Wooden bunting flags

IMG_4713 IMG_4688

– download template here –

Recycled items

  • MDF wood offcuts/extra wood that can be cut into strips

  • Ribbon/string

  • left over denim fabric

Also needed

  • workbench with a clamp

  • jigsaw fitted with a wood-cutting blade

  • pencil and ruler

  • 2 clamps

  • safety goggles

  • dust mask

  • cardboard for template

  • drill with 5-mm bit for wood

  • sponge brush

  • acrylic paint (any colour)

  • fabric glue


  1. For these flags you need strips of wood cut into triangles. You can use any type of wood, but for the purpose of this project I used 6mm leftover MDF.

  2. Secure the wood to the workbench with a clamp. To achieve a straight line with a jigsaw is tricky, but not impossible. Mark two straight cutting lines, 15cm apart, and place a guide batten (straight piece of wood) next to each straight line. Secure the battens to the workbench with clamps. Make the cuts by running the edge of the jigsaw’s base plate against the button.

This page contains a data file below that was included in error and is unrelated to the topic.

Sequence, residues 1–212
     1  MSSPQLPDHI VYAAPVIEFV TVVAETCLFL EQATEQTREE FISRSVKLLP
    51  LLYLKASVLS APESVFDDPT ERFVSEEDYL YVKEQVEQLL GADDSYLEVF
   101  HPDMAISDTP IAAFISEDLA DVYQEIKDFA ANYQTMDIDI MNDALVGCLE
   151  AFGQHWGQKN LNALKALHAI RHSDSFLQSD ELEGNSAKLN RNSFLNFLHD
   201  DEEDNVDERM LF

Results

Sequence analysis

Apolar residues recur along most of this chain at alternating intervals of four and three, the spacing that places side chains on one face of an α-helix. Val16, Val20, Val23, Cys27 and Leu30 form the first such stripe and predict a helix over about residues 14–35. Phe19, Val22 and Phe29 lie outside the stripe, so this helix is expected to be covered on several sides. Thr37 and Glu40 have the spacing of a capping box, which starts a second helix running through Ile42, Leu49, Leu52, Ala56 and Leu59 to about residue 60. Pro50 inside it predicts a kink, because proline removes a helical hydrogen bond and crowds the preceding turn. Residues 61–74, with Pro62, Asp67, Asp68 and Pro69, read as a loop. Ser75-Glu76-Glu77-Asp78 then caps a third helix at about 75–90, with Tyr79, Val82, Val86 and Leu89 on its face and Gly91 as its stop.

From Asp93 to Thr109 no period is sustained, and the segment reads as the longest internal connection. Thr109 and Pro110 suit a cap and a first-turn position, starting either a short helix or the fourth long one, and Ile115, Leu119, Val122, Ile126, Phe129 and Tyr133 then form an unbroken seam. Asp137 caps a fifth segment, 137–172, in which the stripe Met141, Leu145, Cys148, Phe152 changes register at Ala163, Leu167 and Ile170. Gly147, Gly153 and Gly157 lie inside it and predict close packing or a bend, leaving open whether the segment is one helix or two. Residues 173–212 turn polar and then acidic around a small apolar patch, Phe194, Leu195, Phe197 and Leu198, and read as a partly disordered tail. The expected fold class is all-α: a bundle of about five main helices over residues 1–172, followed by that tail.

3. Create a flag template from cardboard then trace it onto the long piece of wood. Click here to view template

  4. Secure the piece of wood on the workbench with clamps. Use your jigsaw and make the cuts on the lines for the flags.

  5. Drill two holes in each triangle, one in each corner of the base from which the flag will be suspended. Mark the position for the holes with a pencil, then drill a 5mm hole at each mark. To avoid the wood from splitting (or the MDF surface tearing), it is best to drill until the tip of the bit appears underneath, then turn the work over and complete the drilling from the other side.

  6. Using a sponge brush, paint the flags on one side with fabric glue and press the flags glue face down on the backside of the fabric, then leave to dry. When it is completely dry, use the fabric scissors and cut around the edges. Use an awl and press through the drilled holes.

  7. When the flags are complete, join them together by threading a length of ribbon or string through each hole. I left a 5cm gap between each triangle but you can adjust this to your requirements.

Caution The most important thing to remember when using power tools such as a jigsaw or a mitre saw is SAFETY. As the blades move very rapidly, a serious cut can happen quickly, which means that you must plan the job well. Before you use a jigsaw for the first time, practise on scrap wood. This will give you a feel for the way the tool cuts and moves. Always wear safety goggles and a dust mask, and work in a hazard-free area. The work surface must be solid and stable.

Leave a Reply

Your email address will not be published. Required fields are marked *